Oman Medical Journal [2015], Vol. 30, No. 2: 75-76

Understanding the Concept of Brain Death in the Middle East

Abdul Hakeem Al-Hashim* and Mujahid Al-Busaidi

Internal Medicine & Critical Care, Sultan Qaboos University Hospital, Muscat, Oman

article info

The concept of brain death is still foreign in the Omani community. The notion that an individual is dead, according to medical definition, while the heart is still beating causes a lot of turbulence between the patient’s family and the caring physician.

This lack of understanding of the concept of brain death prevents the utilization of these individuals as potential organ donors, which is a problem in an era where the requirement for organs exceeds their availability. Additionally, occupancy of the limited number of intensive care unit beds by brain dead patients limits the use of these resources by those needing critical care.

Brain death is defined as the irreversible cessation of all functions of the brain. To diagnose brain death, a set of well-established criteria needs to be followed, which are applied by a trained physician in critical care medicine. This requires two examinations, which are performed six hours apart, and ancillary tests are also needed on occasion to supplement the examination findings.

In the Middle East, the major experience in the field of brain death and organ donation comes from Saudi Arabia. Here, the diagnosis of brain death is more commonly given and families are usually approached for organ donation. In one study, 162 patients were diagnosed in one center from 2001–20051 and consent for organ donation was obtained in only 17% of patients with the majority being non-Saudis. In another study, conducted in 2010, there were total of 396 cases of documented brain death according to the national protocol.2 Families were approached in 80% of these cases and consent was taken for organ donation in 39% of these cases. However, the actual organ retrieval occurred in only 85% of the consented patients.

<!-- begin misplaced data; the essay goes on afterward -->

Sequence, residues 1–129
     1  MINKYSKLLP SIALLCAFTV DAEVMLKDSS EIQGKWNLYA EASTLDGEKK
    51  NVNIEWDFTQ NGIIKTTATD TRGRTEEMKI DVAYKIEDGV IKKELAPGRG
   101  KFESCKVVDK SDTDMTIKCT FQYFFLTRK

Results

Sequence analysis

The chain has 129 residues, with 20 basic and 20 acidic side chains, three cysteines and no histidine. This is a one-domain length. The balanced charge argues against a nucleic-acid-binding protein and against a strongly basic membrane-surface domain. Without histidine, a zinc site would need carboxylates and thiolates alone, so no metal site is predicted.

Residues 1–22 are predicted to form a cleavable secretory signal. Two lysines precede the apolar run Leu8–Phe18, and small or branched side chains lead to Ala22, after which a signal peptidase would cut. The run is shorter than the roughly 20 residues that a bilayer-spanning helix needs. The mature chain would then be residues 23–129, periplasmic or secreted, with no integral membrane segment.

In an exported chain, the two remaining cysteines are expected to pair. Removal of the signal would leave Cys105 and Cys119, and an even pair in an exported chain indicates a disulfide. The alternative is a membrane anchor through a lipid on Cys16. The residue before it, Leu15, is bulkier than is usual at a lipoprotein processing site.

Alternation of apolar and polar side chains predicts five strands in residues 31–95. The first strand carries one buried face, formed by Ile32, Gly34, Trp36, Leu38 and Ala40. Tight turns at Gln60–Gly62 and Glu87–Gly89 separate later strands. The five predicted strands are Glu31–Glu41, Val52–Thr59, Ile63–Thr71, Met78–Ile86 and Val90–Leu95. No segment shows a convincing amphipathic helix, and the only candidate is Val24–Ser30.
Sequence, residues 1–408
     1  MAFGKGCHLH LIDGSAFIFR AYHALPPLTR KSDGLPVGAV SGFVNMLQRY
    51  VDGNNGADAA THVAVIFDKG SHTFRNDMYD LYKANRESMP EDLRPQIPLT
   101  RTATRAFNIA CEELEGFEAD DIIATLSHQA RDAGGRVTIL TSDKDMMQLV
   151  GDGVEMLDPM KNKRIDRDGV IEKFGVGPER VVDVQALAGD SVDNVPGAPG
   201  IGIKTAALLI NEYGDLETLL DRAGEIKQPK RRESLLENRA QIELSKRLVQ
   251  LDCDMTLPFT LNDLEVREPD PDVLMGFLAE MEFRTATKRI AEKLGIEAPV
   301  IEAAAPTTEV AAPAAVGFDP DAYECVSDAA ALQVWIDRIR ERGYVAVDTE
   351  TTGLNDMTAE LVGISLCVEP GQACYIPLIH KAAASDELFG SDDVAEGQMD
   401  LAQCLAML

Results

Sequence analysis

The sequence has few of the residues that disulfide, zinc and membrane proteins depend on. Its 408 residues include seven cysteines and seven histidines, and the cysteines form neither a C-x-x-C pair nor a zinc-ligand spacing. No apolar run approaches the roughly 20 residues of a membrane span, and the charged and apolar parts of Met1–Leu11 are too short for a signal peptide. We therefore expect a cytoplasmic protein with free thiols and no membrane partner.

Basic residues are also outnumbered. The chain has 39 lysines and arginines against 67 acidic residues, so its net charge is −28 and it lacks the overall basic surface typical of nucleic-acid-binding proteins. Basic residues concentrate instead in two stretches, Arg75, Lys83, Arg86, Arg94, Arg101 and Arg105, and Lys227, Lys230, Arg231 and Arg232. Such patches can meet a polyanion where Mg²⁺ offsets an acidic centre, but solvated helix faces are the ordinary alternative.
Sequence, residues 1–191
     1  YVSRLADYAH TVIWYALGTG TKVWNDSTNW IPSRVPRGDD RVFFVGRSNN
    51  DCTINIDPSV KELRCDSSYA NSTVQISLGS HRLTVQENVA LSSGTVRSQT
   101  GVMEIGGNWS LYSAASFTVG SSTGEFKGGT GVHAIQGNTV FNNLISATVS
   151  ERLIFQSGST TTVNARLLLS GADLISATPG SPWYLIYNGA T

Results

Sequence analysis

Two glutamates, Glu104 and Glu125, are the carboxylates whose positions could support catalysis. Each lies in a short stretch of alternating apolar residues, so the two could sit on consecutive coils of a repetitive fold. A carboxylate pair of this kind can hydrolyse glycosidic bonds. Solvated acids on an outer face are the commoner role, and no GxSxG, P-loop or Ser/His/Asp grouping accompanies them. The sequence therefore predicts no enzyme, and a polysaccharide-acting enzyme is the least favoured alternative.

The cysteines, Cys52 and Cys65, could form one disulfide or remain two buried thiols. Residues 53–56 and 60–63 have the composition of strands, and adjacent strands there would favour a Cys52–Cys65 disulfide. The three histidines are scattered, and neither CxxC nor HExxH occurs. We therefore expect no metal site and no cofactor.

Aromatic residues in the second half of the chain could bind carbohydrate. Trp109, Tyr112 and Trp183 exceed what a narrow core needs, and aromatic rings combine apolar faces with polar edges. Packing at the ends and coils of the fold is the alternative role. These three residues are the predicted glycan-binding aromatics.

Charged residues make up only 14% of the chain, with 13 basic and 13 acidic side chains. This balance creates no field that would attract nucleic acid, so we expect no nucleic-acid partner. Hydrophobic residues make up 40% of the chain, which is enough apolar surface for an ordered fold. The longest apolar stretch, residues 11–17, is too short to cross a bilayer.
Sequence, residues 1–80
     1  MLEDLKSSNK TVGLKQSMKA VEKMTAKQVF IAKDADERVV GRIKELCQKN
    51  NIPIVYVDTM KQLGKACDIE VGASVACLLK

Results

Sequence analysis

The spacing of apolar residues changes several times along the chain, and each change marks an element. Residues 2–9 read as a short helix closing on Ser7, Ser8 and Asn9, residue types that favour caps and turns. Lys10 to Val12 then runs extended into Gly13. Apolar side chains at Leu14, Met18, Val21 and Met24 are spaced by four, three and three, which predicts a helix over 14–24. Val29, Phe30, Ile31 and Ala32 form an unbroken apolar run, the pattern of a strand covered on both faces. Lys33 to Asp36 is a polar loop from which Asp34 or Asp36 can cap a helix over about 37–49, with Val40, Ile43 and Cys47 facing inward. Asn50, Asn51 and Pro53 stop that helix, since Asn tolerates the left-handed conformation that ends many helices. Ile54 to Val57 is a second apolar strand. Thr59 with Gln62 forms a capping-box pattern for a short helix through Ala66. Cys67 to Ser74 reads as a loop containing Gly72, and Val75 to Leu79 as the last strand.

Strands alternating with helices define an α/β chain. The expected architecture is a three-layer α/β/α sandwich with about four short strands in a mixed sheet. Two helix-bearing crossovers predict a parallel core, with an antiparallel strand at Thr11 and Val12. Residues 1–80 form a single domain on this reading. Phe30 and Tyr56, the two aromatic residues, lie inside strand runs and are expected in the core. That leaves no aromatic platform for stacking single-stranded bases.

In spite of such experience, the Saudi public is still unaware that brain death is a death approved by Islamic scholars, which has led to a low rate of acceptance of the diagnosis as well as approval for organ donation.

In Egypt, brain death and organ donation is also not a well-established phenomenon in the medical field or the general population. The major reason for this is the conflicted opinions of Islamic scholars. Therefore, making the diagnosis is not commonly entertained as it has no end of life implications, such as withdrawal of life support or organ donation.3

Iran was the first country in the Middle East to perform kidney transplantation in 1967 in Shiraz. Religious scholars issued the first fatwa (a ruling on a point of Islamic law) that permitted the diagnosis of brain death and organ transplantation in the same year. However, the official legislation of brain death was not approved by parliament until the year 2000. From 1967–2003, 166 cadaveric renal transplants were performed and 50% of these were after the year 2000. Now, around 24 kidney transplantation per million population per year are performed in Iran.4

In Oman, we have specific criteria and protocols to diagnosed brain death. However, there are no guidelines or regulations across all hospitals in the country about what practice should follow the diagnosis of brain death, such as withdrawal of life support and organ donation.

Unfortunately, we as health care professionals and physicians have failed to bridge the gap that exists between medical knowledge, legality of brain death, religious views, and the education of our community in this regard.

In order to resolve this, different institutions across the country need to come together to form a committee in order to deal with this important and critical subject. Firstly, we need to form clear guidelines related to the diagnosis of brain death and subsequently guidelines related to the withdrawal of life support in these patients. Secondly, we need to arrange and conduct a forum, including religious and legal authorities, to discuss organ donation and come to a consensus on policies and guidelines relating to the process of organ donation. Finally, we also need to educate the public on sensitive issues such as this and increase their overall awareness of brain death as a medical condition.


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  2. Data SC. SCOT Data: Deceased heart beating donor and organ transplantation in Saudi Arabia. Saudi J Kidney Dis Transpl 2011 Mar;22(2):387-392.
  3. Paris W, Nour B. Organ transplantation in Egypt. Prog Transplant 2010 Sep;20(3):274-278.
  4. Akrami SM, Osati Z, Zahedi F, Raza M. Brain death: recent ethical and religious considerations in Iran. Transplant Proc 2004 Dec;36(10):2883-2887.